ONLINE Fashion brand Boohoo has cut ties with hundreds of companies following a damning review of its supply chain in 2020.
The company has published a full list of 78 UK suppliers it works with after the review by Alison Levitt QC found the fast fashion retailer had been working with up to 500 UK suppliers when subcontractors were included, reported The Guardian.
According to the review, there were’endemic’ problems at Leicester factories in its supply chain, including minimum wage and life-threatening fire risk.
Meanwhile, Claudia Webbe, MP for Leicester East, has said that cutting ties with suppliers will not bring justice to the Leicester workers whose exploited labour has built the companies fortune.
“It is not enough for boohoo to terminate ties with suppliers without paying back wages. Under the UN guiding principles on business and human rights, employers have a duty to remedy human rights violations that are uncovered. Therefore, boohoo must make funding immediately available to ensure that all workers who have enabled their huge profits are fully compensated for years of working at less than half the minimum wage,” she said.
Boohoo said the reduction in suppliers would ‘strengthen oversight and ownership and provide greater protection to workers’.
Sir Brian Leveson, the retired judge who has been appointed by Boohoo to oversee the overhaul of its supply chain, said he thought Boohoo was making ‘very real progress’ but added: ‘There is some way to go to ensure the changes put in place become business as usual’.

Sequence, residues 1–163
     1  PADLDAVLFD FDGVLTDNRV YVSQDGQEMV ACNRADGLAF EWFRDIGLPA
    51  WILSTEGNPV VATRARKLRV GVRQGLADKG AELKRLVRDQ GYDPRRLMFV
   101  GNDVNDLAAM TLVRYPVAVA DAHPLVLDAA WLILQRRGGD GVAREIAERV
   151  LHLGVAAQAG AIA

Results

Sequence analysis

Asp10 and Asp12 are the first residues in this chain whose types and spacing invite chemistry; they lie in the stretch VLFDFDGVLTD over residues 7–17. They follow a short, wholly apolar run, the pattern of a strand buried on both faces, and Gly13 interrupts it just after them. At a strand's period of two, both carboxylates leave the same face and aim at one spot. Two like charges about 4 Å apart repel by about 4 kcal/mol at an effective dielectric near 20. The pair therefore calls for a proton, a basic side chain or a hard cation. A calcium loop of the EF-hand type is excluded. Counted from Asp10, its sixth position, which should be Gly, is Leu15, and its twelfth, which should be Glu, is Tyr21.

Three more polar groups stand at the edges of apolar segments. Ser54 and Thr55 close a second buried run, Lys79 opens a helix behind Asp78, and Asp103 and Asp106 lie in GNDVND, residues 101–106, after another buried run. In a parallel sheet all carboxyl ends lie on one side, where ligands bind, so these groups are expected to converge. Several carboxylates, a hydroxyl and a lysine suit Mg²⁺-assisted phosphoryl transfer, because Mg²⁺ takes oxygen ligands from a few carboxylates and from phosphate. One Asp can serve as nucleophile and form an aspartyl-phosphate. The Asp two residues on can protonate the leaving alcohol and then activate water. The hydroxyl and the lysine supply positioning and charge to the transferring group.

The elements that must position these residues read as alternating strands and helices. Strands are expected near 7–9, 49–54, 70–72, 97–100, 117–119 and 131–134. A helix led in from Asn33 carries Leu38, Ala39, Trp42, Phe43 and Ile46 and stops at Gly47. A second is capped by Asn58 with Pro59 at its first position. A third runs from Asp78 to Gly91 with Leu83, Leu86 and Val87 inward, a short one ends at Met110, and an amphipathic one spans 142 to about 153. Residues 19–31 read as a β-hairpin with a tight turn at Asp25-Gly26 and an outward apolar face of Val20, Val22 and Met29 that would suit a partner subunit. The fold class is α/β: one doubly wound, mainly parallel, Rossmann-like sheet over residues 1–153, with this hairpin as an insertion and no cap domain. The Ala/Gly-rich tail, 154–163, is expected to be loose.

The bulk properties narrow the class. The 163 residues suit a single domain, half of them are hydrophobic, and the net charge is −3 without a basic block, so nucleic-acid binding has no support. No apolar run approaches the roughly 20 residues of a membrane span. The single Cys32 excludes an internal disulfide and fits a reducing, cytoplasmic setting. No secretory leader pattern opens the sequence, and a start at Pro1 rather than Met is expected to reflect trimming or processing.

In his second progress report published on Thursday (25), Leveson praised better monitoring of factory staff, including fingerprint recognition systems, and new contracts that included overtime pay, but he flagged concerns about some factory workers being signed up to zero-hours contracts, The Guardian report added.
Claudia Webbe MP said: “The company continues to deny trade union rights and refuse to recognise unions in their workplaces. Indeed, in their 13-page Modern Slavery Statement – trade unions were not mentioned once. Until companies such as boohoo adopt a more welcoming approach to the labour movement, I fear that exploitation will remain rife in Leicester and across the country.
“I hope to see much more for the company to be held to account, including a mandatory Human Rights and Due Diligence responsibility, the establishment of a Garment Industry Trade Adjudicator and full compensation for all Leicester workers who have been exploited within boohoo’s supply chains.”
Boohoo said it remained committed to UK manufacturing and now ordered a higher volume of goods from Leicester despite reducing supplier numbers.
“We have faced up to the problems of the past and are now driving positive change in the industry. We want to play our part in rebuilding a vibrant manufacturing base in Leicester, one that offers good employment and great prospects for the workers and the industry in Leicester as a whole,” John Lyttle, Boohoo chief executive, told The Guardian.